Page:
The novel method has the advantage that there is no need to provide a gastight auxiliary closure for measuring an increase of the leaking gas in this auxiliary space. Providing a gastight auxiliary closure is especially a problem with shaft passages. The reason is that the shaft must then also be sealed with respect to the environment on the upper side of the gastight space. Although the principal application of the novel leak-tightness measurement relates to shaft passages, applications definitely are also conceivable for liquid-sealed flange passages, for sealing a piston passage and possibly for other liquid seals as well.
Gases capable of being used and of being activated by neutrons include argon, krypton and xenon, and gases containing fluorine, chlorine, bromine or iodine. Regarding argon gas it is to be noted that this gas or element comprises three stable isotopes: .sup.36 Ar, .sup.38 Ar, .sup.40 Ar. The last isotope is important for the analysis by activation with thermal neutrons. It occurs for 29.6 percent in the natural mixture of isotopes and has an active cross section for the capture of thermal neutrons of (0.53.+-. 0.02).sup.. 10.sup.-24 sq. cm.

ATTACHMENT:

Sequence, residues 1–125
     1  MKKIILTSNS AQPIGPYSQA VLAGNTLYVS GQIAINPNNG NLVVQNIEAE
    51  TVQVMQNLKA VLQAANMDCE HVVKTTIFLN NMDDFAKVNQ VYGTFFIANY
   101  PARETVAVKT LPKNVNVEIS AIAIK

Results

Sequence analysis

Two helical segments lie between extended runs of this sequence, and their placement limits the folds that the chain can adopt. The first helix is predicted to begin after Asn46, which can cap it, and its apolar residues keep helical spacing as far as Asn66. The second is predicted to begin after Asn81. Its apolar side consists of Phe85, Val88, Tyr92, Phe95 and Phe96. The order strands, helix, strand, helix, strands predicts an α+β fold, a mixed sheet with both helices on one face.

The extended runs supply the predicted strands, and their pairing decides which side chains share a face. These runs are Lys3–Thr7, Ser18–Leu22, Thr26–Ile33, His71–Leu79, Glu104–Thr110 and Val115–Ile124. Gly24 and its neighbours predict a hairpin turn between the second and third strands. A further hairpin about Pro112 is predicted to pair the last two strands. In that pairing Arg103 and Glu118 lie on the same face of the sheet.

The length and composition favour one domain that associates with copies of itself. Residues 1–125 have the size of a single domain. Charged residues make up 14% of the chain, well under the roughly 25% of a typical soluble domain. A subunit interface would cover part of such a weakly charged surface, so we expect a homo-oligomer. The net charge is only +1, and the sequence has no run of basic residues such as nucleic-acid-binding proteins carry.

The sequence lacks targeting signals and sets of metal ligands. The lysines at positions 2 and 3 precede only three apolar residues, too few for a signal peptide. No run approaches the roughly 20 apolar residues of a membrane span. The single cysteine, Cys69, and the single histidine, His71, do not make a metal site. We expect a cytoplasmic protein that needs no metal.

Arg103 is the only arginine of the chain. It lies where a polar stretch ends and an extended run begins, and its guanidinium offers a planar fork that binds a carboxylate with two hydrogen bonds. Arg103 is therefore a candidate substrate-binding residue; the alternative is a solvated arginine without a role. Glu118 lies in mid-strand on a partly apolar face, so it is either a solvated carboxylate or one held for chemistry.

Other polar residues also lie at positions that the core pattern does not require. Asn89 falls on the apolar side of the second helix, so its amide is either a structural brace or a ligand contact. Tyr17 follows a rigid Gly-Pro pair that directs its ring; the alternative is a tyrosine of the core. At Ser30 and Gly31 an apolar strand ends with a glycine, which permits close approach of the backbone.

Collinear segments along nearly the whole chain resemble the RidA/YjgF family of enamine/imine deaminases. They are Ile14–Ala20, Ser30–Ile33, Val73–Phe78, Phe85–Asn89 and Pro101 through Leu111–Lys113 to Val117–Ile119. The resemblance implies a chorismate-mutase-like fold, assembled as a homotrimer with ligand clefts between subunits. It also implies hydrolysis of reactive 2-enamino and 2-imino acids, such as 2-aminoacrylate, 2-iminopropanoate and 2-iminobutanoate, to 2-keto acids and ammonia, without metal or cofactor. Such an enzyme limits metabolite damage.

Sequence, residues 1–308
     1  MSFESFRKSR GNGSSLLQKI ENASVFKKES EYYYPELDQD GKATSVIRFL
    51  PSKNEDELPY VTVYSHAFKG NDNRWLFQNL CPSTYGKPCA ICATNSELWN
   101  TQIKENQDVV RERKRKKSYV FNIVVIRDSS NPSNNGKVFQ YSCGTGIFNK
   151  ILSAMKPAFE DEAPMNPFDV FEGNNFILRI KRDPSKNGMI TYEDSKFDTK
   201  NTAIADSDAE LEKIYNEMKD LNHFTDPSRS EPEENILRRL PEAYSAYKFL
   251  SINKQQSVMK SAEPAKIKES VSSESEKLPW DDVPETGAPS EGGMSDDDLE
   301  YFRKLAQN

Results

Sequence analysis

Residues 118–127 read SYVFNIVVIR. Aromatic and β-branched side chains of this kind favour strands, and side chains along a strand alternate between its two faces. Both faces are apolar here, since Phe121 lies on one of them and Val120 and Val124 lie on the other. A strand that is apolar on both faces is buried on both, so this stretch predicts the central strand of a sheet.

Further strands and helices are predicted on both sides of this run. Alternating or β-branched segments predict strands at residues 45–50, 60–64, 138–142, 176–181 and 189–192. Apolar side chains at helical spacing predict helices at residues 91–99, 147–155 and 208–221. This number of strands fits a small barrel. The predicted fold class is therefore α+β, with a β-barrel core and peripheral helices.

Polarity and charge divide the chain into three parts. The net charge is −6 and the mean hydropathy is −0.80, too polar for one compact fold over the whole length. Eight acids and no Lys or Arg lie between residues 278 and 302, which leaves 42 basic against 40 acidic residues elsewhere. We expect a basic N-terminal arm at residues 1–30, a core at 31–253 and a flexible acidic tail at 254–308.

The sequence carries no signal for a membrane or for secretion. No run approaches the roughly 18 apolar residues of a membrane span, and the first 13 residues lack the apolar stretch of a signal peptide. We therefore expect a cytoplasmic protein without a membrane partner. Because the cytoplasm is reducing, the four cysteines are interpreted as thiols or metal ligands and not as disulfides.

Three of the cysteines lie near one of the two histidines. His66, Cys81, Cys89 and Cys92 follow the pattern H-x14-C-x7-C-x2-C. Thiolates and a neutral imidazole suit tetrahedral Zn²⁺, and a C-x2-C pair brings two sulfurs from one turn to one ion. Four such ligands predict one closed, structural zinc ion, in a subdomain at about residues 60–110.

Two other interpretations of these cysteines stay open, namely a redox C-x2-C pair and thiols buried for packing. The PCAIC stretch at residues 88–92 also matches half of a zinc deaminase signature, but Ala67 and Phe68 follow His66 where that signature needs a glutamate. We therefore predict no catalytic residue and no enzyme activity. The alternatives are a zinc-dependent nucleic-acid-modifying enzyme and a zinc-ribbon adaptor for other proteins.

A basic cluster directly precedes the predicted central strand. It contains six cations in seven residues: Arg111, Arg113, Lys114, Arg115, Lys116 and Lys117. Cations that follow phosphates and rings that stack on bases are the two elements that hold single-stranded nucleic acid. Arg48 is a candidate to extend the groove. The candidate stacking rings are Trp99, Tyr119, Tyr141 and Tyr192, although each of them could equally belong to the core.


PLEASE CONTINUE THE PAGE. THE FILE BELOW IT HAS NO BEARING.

Neutron capture leads to the formation of the isotope .sup.41 Ar, which as a result of β decay passes into the stable isotope .sup.41 K. The gamma radiation of 1.283 MeV which accompanies this disintegration is used for measuring the degree of activity of argon. The half-live of 1.837 hours is very favourable: only a short time of irradiation is necessary, and the measurement can be repeated after one day without any correction for the activity of the remaining radiation. Since short times of irradiation are sufficient, there appears no disintegration in the material in which argon must be determined: this means for this series of measurements that there is no need to separate argon from the oil samples. In an experimental irradiation of an oil sample it was also found that neutron irradiation does not create any activity which has a disturbing effect on the activity measurement of argon.
Suitable halogen-containing gases of which the concentration can be satisfactorily determined by neutron activation in a sealing oil consisting of hydrocarbons are gaseous halogenated hydrocarbons. Freon gas is particularly indicated in this respect.
The absolute gas leakage to the environment can be calculated from the course of concentration of the gas dissolved in the sealing liquid as a function of time based on diffusion of the gas (mixture) from the gas space for the sealing liquid to the environment.